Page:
Randall David Tipton


Metolius, mixed water media on Yupo, 26″ x 20″, 2014


Over the Sea 27, watercolor on paper, 24″ x 18″, 2014


Edge of the Estuary, oil on panel, 20″ x 20″, 2014

Fanno Creek Marsh
, oil on panel, 20″ x 20″, 2015

Into Bryant Woods
, oil on panel, 20″ x 20″, 2014

Oregon Estuary Rainforest
, oil on canvas, 36″ x 36″, 2014

Rescued Forest
, oil on panel, 20″ x 20″, 2014

Standing Water
, oil on panel, 20″ x 20″, 2014

Artist Statement

The environment I live in and the landscapes I  travel to are the content of my work. This has always been so. I need personal contact with a place to have the sensory information to create a convincing work. My paintings always begin with an experience in a landscape. Whether it’s a walk in a local park or a destination hike, what happens while in that location is critical. It’s the experience that is my true subject.

My earliest artistic influence came from the Zen Japanese aesthetic depicted in the encyclopedias in our home; then, later, from the insights of the American abstract expressionists, whose conviction that meaningful, honest painting was best achieved through improvisation inspired me. Though I am dedicated to interpreting the natural world, I do so as a secondary concern as I respond to the painting process taking place before me.

Memory is a key element as I manipulate the paint. When something within the character of that landscape emerges, I recognize it and build from there.

I believe that my frequent immersion into the environment informs my work in a deeply subconscious manner and is revealed in the act of painting.

About the Artist

Randall David Tipton grew up in a transitional landscape of chaparral desert domesticated for agriculture, which then became suburbs. Inland Southern California was booming in the post-War years. Fontana, where Randall David Tipton was born, was home to the largest steel mill in the West. The hazardous air quality was a pivotal factor in his life’s trajectory.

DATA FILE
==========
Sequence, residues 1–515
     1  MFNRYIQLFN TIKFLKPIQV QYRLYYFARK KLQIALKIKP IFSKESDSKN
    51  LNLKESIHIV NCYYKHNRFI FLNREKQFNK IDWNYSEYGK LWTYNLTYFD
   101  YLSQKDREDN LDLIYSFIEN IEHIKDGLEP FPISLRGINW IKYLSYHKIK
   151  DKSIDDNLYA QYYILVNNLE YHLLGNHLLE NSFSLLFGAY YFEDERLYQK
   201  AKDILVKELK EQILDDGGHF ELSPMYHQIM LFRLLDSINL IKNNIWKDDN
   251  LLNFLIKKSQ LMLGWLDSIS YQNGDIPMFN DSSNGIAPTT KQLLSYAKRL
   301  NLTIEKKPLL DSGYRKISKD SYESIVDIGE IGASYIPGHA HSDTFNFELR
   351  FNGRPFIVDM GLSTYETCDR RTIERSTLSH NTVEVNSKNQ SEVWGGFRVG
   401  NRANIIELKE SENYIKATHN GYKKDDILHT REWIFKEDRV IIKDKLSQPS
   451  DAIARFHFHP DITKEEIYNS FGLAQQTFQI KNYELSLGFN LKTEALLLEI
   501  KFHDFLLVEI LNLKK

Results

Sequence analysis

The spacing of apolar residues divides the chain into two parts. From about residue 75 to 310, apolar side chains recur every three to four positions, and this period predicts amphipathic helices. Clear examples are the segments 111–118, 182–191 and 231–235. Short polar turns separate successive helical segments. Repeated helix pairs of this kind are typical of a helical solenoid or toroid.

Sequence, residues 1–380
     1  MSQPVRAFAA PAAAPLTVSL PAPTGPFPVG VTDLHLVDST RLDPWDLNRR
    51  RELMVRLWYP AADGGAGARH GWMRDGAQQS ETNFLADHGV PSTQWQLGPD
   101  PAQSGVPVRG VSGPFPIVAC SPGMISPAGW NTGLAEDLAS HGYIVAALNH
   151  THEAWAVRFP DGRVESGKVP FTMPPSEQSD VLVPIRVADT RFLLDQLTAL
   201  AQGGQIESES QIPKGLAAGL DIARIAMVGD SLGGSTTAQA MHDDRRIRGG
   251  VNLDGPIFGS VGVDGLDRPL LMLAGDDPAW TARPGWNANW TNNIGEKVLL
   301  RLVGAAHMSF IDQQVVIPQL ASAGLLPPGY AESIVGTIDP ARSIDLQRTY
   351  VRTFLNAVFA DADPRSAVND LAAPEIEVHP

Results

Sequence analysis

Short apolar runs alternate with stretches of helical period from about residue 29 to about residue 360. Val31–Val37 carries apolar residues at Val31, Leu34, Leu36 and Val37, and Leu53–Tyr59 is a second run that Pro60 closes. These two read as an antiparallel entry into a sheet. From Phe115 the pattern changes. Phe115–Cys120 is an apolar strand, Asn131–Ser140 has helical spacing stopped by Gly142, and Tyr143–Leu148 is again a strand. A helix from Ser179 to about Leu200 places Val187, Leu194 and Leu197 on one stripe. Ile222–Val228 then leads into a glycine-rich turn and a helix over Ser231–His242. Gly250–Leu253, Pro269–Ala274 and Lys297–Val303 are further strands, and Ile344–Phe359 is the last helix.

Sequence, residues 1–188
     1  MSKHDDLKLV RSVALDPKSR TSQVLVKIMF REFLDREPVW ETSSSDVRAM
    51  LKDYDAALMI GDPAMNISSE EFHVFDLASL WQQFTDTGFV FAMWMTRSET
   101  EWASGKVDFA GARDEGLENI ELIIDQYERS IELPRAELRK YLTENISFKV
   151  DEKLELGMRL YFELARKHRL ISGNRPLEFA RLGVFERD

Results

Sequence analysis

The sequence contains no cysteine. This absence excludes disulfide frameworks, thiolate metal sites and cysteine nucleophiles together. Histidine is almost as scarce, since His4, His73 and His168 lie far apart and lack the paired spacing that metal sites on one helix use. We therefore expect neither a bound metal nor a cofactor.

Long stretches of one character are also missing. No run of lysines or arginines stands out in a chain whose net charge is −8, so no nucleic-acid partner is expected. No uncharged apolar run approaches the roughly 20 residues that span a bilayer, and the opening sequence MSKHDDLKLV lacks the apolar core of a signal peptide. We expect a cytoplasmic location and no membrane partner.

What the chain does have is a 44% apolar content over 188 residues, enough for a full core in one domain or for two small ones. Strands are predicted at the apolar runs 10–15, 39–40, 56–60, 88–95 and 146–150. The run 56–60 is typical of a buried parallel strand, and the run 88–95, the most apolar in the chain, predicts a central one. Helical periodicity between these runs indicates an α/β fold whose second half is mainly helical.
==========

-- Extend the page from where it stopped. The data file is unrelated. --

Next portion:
After a year of community college and a semester at Mendocino Art Center, Randall David Tipton deliberately rejected the academic path and chose to live communally on the Northern California coast. As the only male on Equitable Farm and just 19, his “real” education began immediately.

After briefly returning to Southern California, Randall David Tipton moved to New Mexico, where his father was from. There, he began a serious painting practice, exhibiting in several Santa Fe galleries and supporting himself for the next 30 years through restaurant work. In 1985, he had the unique good fortune to study with Richard Diebenkorn at the then-new Santa Fe Institute of Fine Art. His month-long master class had lasting positive consequences.

In 1993, he moved to Oregon.

Randall David Tipton’s work in the 1990s veered away from landscape toward more allegorical interpretations of nature. In time, the rain forests and wetlands surrounding Portland impelled him to focus on realism again. He showed at the Alysia Duckler Gallery, as well as in small communities throughout the Northwest.

In 2010, Randall David Tipton began to be awarded artist residencies at several institutions, allowing him to explore new landscapes on the Oregon coast, in the Trinity Alps, and in southeastern Wyoming. Most recently, he was Artist-in-Residence at Sitka Center for Art and Ecology, Otis, Oregon; and Brush Creek Ranch, Saratoga, Wyoming.

Work by Randall David Tipton is found in a number of corporate and public art collections, including those of Oregon Health Science University, Southern Oregon University, Texas Instruments, Hewlett-Packard, Newsweek, and Eastern New Mexico University.

Randall David Tipton’s most recent exhibition, “Environments”, a joint show with Tom Cramer at Lake Oswego’s Museum 510, took place in March 2015. In 2016, he will have a solo show at Coos Art Museum on the south Oregon coast.

Randall David Tipton Website

Randall David Tipton on Facebook and Flickr

Randall David Tipton at Saatchi Online

Coos Art Museum

One response to “Randall David Tipton”

  1. I discovered Randall Tipton’s work ten or twelve years ago through his blog. So good to see him having a wider audience. Great write up!

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